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Being prepared logistically for disasters

The efficiency of humanitarian relief operations during a disaster, whether natural or man-made, depends to a large extent on humanitarian logistics.

so as to make different stakeholders understand their roles in assistance and emergency response and take appropriate steps to respond effectively to reduce the adverse impacts of disaster, the World Food Programme (WFP) in partnership with the Department of Disaster Management (DDM), Ministry of Home and Cultural Affairs (MoHCA), conducted a five-day Emergency Logistics Training at Metta Resorts & Spa in Paro, which ended yesterday.

Experts in various logistics fields shared their expertise and experiences in the field of emergency telecommunications, supply chain partnership, logistics and contracting, emergency and warehouse hubs during the training. Experiences were also shared from the Nepal earthquake.

Talking to Business Bhutan, Piet Vochten, Resident Coordinator (Acting-in charge) of UN in Bhutan said the UN agencies are working together with the government agencies in Bhutan and especially with the DDM to be better prepared should a natural disaster strike Bhutan.

“This could be an earthquake, but might also be floods, landslides or windstorms. When in the event of such a disaster, the government then requests support. The UN agencies are ready to assist. Depending on the size of the need, i.e. the impact of the disaster, the response will be met with in-country resources or we will have added support coming from our regional offices,” he added.

The Emergency Logistics training is, meanwhile, aimed to assist relevant government agencies be better prepared in terms of logistics should a disaster impact the country. In the event a disaster is of such a magnitude that the government feels the need to request assistance from the UN, WFP will review its in-country capacity to assist with addressing the disaster. If needed additional resources from outside the country can be brought in.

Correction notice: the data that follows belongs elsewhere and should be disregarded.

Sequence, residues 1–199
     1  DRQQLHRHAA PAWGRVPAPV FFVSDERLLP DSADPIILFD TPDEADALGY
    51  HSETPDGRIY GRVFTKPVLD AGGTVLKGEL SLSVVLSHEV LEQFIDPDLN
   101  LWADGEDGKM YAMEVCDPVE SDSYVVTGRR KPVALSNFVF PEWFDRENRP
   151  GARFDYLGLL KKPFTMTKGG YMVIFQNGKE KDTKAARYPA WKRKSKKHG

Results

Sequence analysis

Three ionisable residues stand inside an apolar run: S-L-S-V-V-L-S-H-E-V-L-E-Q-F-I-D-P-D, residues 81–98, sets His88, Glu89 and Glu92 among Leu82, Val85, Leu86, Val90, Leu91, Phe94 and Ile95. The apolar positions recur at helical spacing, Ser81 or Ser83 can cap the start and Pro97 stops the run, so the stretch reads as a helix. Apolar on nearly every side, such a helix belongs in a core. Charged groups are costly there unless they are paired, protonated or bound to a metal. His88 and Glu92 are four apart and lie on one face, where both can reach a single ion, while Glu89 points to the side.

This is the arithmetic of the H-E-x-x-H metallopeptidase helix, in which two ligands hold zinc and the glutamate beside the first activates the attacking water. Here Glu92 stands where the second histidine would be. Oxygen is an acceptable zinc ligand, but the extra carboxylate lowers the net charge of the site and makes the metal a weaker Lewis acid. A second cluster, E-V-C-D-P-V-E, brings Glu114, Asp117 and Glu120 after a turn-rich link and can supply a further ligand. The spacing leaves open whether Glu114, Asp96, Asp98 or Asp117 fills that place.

Piet Vochten added, “Being prepared for future natural disasters is important for countries susceptible to natural disasters like Bhutan, which is suffering from the impact of climate change, increased frequency and magnitude of erratic rainfall, landslides and floods. Because of tectonic movements, earthquakes are also a major risk factor for Bhutan. The focus of WFP is therefore assisting the government to be better prepared when such an unfortunate event happens in order to save lives and make sure the affected people receive the necessary assistance in a timely manner.”

Deliberating on how prepared Bhutan is in terms of logistics in times of disaster, Sr. Program Officer with DDM, Sonam Deki said logistics could pose huge challenge during the time of disasters and that Bhutan is preparing itself in this area.

She added that one of the most important provisions within the DMAct of Bhutan 2013 is the clause authorizing Dzongkhag DM Committee to provide immediate response and relief using their own resources (which will be reimbursed) and the emergency procurement clause which does away with the need to follow normal procurement procedures during emergencies.

According to her, another important step towards preparedness has been the adoption of the Incident Command System. Under this, the Ministry of Agriculture and Forests is identified as the lead for the logistics desk and the ministry had already prepared their sector disaster management and contingency plan.

Meanwhile, the WFP in collaboration with the government had recently conducted the Logistics Capacity Assessment (LCA). This assessment provides important information about existing logistics capacity in the country. The Dzongkhags for which Disaster Management and Contingency Plans have been prepared have been asked to identify FCB stores and local vendors for supply of relief items during emergencies. As a next step towards logistics preparedness, the DDM will be disseminating the LCA findings and carrying out other activities to enhance preparedness in this area.

Naiten Wangchuk, the CEO of Food Corporation of Bhutan Limited (FCBL), said their role in such scenario is to reserve food. Around 1,400 MT of rice have been reserved at the national level and 360 MT for the SARRC region.

“With the increasing population and food consumption, there has been a need to increase the storage capacity and FCBL is very soon planning to submit the proposal to the cabinet. There are gewog level farm shops filled with essential food items and should there be any kind of disasters these farm shops will help,” he said.

The training concluded with the need to strengthen logistics preparedness of national actors, network and engage with diverse stakeholders, enhance logistics clusters operational capacity and learn and drive best practices.

Ratindra Khatri, a facilitator from Nepal, said many disasters cannot be prevented, but if prepared would minimize the loss and help to normalize the situation in a short span of time.

“To take lesson from Nepal, Bhutan must establish strong co-ordination mechanism to mobilize all available resources at the time of crises. Planning preparedness and execution must be the priority of Bhutan so that she can meet the requirement of emergency effectively,” he added.

Chencho Dema from Thimphu